Remove quasar J0439 + 1634 explored in X-rays

Remove quasar J0439 + 1634 explored in X-rays

XMM-Newton EPIC image of J0439 + 1634, combined from the pn, MOS1 and MOS2 images, in 0.2-0.5 keV (left), 0.5-2 keV (center) and 2-10 keV (right) X-ray bands. Credit: Yang et al., 2021.

Using ESA’s XMM-Newton spacecraft, an international team of astronomers has performed X-ray observations of the most distant known gravitational-lined quasar – J0439 + 1634. The results of the study, published on December 20 on arXiv pre-print server, shed more light on the characteristics of this source.

Quasars or quasi-star objects (QSOs) are extremely luminous active galactic nuclei (AGNs) that contain supermassive central black holes with growth disks. Their redshifts are measured from the strong spectral lines that dominate their visible and ultraviolet spectra.

Astronomers are particularly interested in studying high-redshift quasars (at redshifts higher than 5.0), as they are the brightest and most distant compact objects in the observable universe. Spectra of such QSOs can be used to estimate the mass of supermassive black holes that limit the evolution and formation models of quasars. Therefore, high-redshift quasars could serve as a powerful tool for exploring the early universe.

At a redshift of 6.52, J0439 + 1634 was the first known gravitational lensed high-redshift quasar. Its high lens magnification makes it an excellent target for the study of X-rays from a QSO from the reionization era, which in itself is less luminous.

J0439 + 1634 is also the so-called broad absorption line (BAL) quasar. BAL quasars are generally assumed to be highly absorbed in the soft X-ray band and are generally X-ray weak in observations of low-redshift quasars. To date, however, no such studies have been performed on BAL QSOs with high redshift due to their weak X-rays.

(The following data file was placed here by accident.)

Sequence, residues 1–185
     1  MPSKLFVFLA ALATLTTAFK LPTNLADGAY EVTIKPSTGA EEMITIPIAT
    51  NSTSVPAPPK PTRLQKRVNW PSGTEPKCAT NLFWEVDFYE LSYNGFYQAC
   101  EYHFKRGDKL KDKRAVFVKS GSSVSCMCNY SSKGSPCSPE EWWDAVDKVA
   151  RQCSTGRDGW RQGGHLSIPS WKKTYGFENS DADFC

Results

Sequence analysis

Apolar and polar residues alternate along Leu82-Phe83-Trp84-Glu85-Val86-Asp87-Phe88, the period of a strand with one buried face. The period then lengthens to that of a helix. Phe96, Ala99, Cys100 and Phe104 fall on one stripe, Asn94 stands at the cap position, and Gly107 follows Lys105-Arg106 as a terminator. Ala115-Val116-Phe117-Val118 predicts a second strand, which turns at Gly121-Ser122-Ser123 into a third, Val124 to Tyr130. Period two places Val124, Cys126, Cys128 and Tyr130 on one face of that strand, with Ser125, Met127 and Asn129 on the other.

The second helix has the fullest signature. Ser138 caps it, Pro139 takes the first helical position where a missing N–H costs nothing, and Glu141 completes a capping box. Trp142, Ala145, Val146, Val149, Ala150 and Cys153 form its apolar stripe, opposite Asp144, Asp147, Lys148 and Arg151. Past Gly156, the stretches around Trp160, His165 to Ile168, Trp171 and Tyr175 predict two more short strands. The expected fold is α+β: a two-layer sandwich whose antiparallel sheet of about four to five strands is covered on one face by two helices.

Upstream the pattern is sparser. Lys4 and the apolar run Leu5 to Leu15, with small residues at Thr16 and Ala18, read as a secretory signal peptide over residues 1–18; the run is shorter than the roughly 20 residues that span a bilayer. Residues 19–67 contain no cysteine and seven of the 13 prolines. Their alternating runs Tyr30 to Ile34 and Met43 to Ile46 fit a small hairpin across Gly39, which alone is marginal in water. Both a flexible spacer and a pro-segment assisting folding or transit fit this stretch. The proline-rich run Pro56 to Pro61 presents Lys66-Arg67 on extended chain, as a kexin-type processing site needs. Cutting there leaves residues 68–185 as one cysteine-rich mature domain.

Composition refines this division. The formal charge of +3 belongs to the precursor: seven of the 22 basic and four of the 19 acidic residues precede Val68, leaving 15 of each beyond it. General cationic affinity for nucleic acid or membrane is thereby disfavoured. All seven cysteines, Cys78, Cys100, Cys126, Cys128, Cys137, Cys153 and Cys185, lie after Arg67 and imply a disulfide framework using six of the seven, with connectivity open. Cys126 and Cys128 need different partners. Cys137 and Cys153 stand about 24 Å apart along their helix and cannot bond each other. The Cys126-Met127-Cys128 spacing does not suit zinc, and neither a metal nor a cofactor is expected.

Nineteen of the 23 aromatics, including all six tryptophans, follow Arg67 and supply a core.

So a team of researchers led by Jinyi Yang from the University of Arizona decided to explore J0439 + 1634 with the European Photon Imaging Camera (EPIC) system aboard the XMM-Newton. They examined the X-ray properties of this source through spectral analysis and compared the results with other quasar populations.

J0439 + 1634 was identified as an X-ray source with XMM-Newton in the 0.5-10 keV band of all three EPIC cameras, while it was not detected in the 0.2-0.5 keV band. The EPIC spectra show that the quasar has a flat photon index – at a level of about 1.45.

The observations found that the optical-to-X-ray spectral slope of J0439 + 1634 is about -2.07, suggesting that this quasar is illuminating by a factor of 18 in X-rays, which is consistent with the behavior of BAL QSOs observed at lower redshift. The astronomers noted that their study marks the first time that an X-ray-weak BAL quasar at a redshift of over 6.0 has been observed spectroscopically.

Furthermore, spectral alignment using an absorbed power law model suggests a high inherent column density in the case of J0439 + 1634 – more than 200 trillion cm-2. According to the researchers, this finding suggests that J0439 + 1634 is the first highly blurred quasar with X-ray spectroscopy in the reionization era. They assume that this source could be an inherent X-ray-weak quasar.

Astronomers discover the most X-ray bright red-shifting quasar

More information:
Deep XMM-Newton observations of an X-ray weak, broad absorption line quasar at z = 6.5, arXiv: 2112.10785 [astro-ph.GA]

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